Sunday, 29th        Encouraged by Dwayne’s success, we decide that on this, our last day, we must again go about 15km’s downstream beyond the Mwandi village. But despite our best efforts, the fish are frustratingly still not biting.

River “taxis” often pass us travelling up and down and sometimes across the river

Poor Chris’s patience has been tested to the limit especially when, after a poor morning, we insist on going out again immediately after lunch and keep plugging away. Down to Mwandi we go and …….   quite inexplicably, our luck changes. In a deep, quiet pool we begin to have regular bites and runs from big tigerfish. I am thrilled to boat a whopping 8.6kg fish – by far my biggest tiger ever.

After enjoying some great fun, we eventually return to camp for the last time. For me the  Zambezi is rather a spiritual experience. The vastness of this lazy river, the gentle interaction with the indigenous people and the palpable peace and simple happiness is so therapeutic. But I feel an uneasy undercurrent. Whereas places like the nearby Caprivi Strip conjure up images of a romantic wilderness, the reality is anything but. The surging population has driven out the wildlife completely, and the same is evident here in Zambia. Forced to survive, people eke out a living by chopping down trees to make charcoal, Chinese gill-nets strip the river of its smaller fish and the nets are even used to trap the Carmine Bee-eaters in order to sell their beautiful feathers. Whereas famine, disease and warfare once kept the population in check, that no longer applies and our wonderful natural heritage bears the brunt. The one saving grace of the Zambezi is the annual flood which spills out over the banks onto flood plain thus preventing its banks from becoming built up.

Monday, 30th         During the night we are awakened by a great crack of thunder and a deluge of rain marking the beginning of the rainy season. Our four night visit to Shackletons has come and gone. Howard, the owner, really runs an excellent lodge with everything done so tastefully well. The quality of the boats, all with new 4-stroke Mercury motors is top class and full marks to Shackletons. With a limited fishing season and some high overheads, it is to be expected  that these lodges are expensive – but not excessively so.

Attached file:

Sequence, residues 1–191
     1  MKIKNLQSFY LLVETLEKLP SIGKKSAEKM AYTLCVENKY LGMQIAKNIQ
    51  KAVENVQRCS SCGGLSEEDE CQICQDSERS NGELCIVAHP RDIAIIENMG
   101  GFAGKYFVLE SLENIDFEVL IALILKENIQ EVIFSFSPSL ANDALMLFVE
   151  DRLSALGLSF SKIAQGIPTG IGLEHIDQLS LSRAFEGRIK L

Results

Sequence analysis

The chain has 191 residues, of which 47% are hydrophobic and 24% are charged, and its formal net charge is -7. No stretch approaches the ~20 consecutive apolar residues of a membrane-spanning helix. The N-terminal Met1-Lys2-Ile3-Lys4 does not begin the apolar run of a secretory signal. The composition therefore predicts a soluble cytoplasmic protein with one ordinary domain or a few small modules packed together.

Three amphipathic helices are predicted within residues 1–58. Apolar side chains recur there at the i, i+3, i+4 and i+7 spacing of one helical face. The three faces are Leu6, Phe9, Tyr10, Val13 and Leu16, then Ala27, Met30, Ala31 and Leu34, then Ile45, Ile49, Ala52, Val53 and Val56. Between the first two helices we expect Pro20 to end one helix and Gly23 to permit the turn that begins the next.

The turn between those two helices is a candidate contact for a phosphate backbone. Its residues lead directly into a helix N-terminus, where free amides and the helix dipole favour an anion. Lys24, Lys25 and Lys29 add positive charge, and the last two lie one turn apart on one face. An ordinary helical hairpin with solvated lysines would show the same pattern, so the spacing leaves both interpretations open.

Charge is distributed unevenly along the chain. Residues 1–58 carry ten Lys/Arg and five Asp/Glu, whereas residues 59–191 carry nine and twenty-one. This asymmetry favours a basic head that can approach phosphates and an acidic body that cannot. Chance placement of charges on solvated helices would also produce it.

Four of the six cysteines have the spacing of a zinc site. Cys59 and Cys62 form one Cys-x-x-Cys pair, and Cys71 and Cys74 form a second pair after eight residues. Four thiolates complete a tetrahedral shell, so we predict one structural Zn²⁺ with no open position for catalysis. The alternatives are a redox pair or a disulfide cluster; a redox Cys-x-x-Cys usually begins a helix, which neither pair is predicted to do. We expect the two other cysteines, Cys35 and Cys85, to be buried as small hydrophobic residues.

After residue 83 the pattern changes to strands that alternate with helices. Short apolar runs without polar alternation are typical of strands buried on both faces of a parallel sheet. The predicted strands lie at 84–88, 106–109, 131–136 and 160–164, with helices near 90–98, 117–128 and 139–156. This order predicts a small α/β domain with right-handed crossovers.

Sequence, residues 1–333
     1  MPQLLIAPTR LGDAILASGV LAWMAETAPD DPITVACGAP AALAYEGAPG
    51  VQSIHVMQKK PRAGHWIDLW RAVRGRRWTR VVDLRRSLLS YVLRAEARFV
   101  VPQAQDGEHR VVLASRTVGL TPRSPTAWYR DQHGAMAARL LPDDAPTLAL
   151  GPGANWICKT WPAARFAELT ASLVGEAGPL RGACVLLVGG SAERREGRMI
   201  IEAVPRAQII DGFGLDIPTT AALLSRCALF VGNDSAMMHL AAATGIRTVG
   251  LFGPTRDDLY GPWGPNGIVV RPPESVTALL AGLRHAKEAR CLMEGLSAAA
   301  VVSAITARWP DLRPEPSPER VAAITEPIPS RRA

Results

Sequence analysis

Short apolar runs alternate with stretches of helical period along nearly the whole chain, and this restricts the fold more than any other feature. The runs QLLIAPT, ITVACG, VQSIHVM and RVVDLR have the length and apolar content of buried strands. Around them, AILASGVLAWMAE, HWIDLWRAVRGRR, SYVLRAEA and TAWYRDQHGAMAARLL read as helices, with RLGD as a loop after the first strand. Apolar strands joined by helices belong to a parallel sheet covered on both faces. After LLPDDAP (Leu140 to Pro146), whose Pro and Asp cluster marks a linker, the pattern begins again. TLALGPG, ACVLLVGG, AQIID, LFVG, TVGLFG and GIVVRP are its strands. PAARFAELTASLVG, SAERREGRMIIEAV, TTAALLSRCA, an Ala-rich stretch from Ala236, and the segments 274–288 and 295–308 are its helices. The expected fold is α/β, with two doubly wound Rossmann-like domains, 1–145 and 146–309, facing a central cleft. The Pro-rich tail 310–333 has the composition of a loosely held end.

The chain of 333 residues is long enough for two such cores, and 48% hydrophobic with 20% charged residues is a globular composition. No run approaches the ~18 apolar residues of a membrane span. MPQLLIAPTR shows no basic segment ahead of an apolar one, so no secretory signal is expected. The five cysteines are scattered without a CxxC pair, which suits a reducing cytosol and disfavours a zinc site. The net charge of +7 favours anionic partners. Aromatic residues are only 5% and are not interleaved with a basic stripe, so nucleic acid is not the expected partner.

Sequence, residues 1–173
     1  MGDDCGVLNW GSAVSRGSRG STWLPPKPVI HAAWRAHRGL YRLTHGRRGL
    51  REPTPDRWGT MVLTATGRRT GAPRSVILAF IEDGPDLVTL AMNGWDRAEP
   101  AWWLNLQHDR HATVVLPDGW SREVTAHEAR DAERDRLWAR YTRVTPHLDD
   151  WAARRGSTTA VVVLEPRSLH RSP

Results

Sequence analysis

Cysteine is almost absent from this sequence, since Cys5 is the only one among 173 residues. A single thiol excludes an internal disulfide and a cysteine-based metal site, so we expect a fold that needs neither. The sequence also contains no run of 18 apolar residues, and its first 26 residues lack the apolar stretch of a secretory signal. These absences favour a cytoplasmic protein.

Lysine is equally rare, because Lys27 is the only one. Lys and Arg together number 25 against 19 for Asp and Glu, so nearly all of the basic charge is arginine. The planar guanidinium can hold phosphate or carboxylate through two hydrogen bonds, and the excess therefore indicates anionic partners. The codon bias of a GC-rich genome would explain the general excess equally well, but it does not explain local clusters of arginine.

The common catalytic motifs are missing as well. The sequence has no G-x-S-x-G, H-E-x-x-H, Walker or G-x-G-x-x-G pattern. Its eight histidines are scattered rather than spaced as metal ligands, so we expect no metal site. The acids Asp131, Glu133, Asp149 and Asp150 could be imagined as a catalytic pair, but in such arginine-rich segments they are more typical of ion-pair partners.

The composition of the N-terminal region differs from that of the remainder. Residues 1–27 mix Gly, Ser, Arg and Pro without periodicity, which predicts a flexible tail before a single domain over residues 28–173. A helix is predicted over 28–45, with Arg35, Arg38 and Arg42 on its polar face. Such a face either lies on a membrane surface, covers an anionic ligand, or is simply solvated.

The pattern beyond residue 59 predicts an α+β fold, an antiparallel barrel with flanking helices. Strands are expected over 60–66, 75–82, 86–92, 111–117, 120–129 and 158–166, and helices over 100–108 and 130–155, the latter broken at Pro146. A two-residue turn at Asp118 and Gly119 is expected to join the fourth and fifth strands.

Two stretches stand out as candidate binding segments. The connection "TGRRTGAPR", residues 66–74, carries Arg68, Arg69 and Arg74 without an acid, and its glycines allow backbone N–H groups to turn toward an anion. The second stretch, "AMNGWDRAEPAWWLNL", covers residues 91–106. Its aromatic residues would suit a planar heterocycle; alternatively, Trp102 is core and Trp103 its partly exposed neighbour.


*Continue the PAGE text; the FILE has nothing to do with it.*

After our breakfast and goodbyes to all, we pile into our Toyota and begin the trip back to Livingstone.

The sandy track between the main road and the lodge on the river.

Back on the  mainroad it becomes apparent that many locals are heading for Kazungula where the  Zambezi is bridged over into Botswana. An assortment of items are on their way to market today.

Bags of Charcoal – which sadly means that more trees are disappearing.

A poultry farmer
From my Zambian library – photo taken on a previous trip

It is scenes such as this that makes Africa the unique place that it is and Zambia provides ample opportunity for a good chuckle. The population might be dirt poor but there is happiness in their simplicity – far removed from the crime ridden aggression in the ghettos of  SA.

The young lads of our party have never seen Victoria Falls so we have given ourselves time for a leisurely visit  before we must be at the airport. Unfortunately, at this time of year with the river low, the Zambian side of the Falls is almost dry whereas the Zim side still provides a spectacle.

A sentry at the entrance gate to the Falls
Cecil Rhodes’s famous railway bridge

Far down below in the gorge, a party of brave girls prepare to tackle the ‘white waters’ of the rapids.
Looking across to the Zim side of the Falls

It is difficult to imagine that all of that mighty flow of water on which we have been fishing is channelled into such a narrow slit of water at the base of the Falls.

Rather surprisingly, the name Victoria Falls persists and Livingstone’s statue still stands near the town that still bears his name.

We return through Livingstone town to the airport. The main street of the town is neat and tidy but away from that, litter and squalor prevails. As a fitting finale, I photograph a large picture of Vic Falls on a wall in the airport. Truly one of the great wonders of the world.